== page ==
For months, BlackBerry has been touting its highly secure BES10 (BlackBerry Enterprise Services) management server as the reason to stick with BlackBerry devices, whose sales have plummeted to a neglible percentage of the market in the last two years. Yet today, BlackBerry announced that it was licensing BES 10 APIs to competitors like EMC VMware's AirWatch subsidiary, Citrix Systems' Zenprise-based XenMobile unit, and IBM's Fiberlink unit.
I was reading Michelle Maisto's well-researched and well written story about how enterprises are slowly moving away from BlackBerry as the standard for secure mobile communications.
While I was doing this, I was waiting for the new BlackBerry Z30 GSM phone to restart—a process that was taking far longer than it should. This device which I'm reviewing for eWEEK should have been BlackBerry's tour de force.
BlackBerry has earned a “full operational capability” designation from the U.S. Defense Department for its BlackBerry 10 smartphones and enterprise service, the smartphone company said Thursday.
BlackBerry (TSX:BB) said the security certification will allow U.S. government employees to securely access email, data, apps and other department network resources using the company’s latest smartphones.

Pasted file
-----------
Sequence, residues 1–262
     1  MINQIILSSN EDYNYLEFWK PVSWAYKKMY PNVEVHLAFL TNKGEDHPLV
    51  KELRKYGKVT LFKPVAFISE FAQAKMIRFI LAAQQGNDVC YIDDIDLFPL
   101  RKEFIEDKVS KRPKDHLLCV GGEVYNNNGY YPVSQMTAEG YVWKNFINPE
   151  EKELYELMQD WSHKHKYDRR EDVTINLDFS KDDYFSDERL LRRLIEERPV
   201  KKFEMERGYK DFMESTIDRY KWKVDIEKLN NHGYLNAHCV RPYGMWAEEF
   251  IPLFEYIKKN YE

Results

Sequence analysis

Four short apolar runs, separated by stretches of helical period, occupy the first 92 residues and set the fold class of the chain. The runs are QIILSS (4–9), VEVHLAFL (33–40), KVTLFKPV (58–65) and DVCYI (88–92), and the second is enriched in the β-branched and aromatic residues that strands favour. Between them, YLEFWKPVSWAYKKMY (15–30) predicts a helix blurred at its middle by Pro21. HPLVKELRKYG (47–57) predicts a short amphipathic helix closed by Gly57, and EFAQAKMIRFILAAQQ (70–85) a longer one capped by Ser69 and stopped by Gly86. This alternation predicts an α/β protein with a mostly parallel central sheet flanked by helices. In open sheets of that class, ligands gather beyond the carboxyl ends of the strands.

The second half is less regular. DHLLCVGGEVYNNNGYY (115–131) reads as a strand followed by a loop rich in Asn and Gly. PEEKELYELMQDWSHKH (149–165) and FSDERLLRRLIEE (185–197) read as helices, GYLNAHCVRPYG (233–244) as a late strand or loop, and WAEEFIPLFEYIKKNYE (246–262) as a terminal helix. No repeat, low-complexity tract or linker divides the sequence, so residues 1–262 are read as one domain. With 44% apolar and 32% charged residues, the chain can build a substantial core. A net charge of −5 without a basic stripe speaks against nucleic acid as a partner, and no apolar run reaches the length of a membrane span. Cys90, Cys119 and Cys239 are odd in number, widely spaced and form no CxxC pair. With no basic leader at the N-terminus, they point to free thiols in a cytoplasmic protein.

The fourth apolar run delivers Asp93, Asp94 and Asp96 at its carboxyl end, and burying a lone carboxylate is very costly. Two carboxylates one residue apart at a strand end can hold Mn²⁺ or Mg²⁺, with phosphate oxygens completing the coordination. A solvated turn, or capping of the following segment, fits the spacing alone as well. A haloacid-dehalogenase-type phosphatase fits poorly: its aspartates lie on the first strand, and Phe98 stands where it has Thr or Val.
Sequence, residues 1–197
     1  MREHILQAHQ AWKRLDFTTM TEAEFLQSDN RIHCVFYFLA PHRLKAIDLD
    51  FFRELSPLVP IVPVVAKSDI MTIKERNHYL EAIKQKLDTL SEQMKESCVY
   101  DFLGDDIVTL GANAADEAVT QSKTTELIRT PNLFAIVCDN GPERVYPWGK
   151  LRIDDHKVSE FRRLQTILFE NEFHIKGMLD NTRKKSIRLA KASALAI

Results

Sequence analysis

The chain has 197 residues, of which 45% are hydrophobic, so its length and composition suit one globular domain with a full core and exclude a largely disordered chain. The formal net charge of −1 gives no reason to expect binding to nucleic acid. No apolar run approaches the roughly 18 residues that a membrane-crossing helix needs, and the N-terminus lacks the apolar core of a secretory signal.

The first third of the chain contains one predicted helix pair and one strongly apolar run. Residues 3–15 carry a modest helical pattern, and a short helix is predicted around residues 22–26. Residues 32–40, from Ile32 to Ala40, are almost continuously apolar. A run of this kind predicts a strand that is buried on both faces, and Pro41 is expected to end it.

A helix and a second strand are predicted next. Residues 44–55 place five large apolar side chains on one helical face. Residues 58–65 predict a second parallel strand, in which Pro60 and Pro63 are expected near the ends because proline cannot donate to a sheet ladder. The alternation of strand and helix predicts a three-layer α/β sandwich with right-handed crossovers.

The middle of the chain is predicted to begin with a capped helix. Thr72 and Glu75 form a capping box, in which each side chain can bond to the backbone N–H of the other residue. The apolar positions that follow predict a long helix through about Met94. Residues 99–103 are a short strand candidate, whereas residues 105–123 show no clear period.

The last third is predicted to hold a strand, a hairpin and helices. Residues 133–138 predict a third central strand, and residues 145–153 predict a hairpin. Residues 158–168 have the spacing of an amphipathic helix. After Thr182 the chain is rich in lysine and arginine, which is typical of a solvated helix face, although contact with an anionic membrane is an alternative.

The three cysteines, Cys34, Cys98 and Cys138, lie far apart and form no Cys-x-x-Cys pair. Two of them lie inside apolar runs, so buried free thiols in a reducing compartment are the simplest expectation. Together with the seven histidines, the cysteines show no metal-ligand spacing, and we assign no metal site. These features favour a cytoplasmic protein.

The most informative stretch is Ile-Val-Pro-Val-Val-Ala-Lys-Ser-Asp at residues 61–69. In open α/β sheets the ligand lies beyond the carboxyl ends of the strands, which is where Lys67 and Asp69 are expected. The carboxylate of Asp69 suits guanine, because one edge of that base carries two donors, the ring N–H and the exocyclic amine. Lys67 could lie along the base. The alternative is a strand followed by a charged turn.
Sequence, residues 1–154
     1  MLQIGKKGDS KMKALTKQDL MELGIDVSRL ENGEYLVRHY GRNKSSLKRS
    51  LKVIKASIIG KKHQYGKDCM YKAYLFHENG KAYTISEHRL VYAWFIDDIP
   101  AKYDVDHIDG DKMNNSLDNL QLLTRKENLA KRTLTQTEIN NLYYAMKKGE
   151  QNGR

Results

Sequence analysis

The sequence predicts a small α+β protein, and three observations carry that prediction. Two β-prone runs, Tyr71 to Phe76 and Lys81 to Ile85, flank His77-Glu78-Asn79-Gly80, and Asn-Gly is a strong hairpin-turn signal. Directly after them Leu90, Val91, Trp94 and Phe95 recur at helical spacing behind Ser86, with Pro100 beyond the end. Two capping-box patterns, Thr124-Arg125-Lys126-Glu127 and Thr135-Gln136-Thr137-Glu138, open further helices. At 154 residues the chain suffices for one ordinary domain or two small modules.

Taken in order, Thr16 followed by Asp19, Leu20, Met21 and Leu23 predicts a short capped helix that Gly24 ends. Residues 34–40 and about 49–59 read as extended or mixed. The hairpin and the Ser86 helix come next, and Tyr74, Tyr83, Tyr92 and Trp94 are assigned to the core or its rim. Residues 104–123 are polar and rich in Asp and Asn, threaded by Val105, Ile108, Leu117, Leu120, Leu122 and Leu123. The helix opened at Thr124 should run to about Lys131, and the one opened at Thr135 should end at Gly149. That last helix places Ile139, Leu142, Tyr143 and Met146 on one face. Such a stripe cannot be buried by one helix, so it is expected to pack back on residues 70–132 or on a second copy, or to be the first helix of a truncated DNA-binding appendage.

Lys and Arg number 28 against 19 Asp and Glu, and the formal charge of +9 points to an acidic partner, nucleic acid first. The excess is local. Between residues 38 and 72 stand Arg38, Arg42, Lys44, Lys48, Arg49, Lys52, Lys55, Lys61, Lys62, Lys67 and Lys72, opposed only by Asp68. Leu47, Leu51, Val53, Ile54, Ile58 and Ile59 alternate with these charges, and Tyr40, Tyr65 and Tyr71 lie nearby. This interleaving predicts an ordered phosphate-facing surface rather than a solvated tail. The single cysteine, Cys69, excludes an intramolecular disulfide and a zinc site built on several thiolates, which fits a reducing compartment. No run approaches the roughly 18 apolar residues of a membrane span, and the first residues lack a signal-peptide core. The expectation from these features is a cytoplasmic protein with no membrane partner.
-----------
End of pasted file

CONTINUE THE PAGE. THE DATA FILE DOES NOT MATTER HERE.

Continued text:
Blackberry's CEO John Chen has taken a verbal swipe at US mobile operator T-Mobile over its recent iPhone promotion, saying he is "outraged" by the "anti-Blackberry" campaign.
The promotion in question has seen T-Mobile US offer customers an iPhone 5S for $500, $150 less than its usual retail price, touting the saving as "a great offer for Blackberry customers". This didn't go down well with the Blackberry CEO, who on Wednesday wrote a blog post slamming T-Mobile for the promotion, which he blasted as "ill-conceived" and "inappropriate".
In 1984, Mike Lazaridis, an engineering student at the University of Waterloo, and Douglas Fregin, an engineering student at the University of Windsor, founded an electronics and computer science consulting company called Research In Motion, or RIM. For years the company tinkered in obscurity, until it focused on a breakthrough technology: an easy, secure, and effective device that allowed workers to send and receive e-mails while away from the office. They called it the BlackBerry.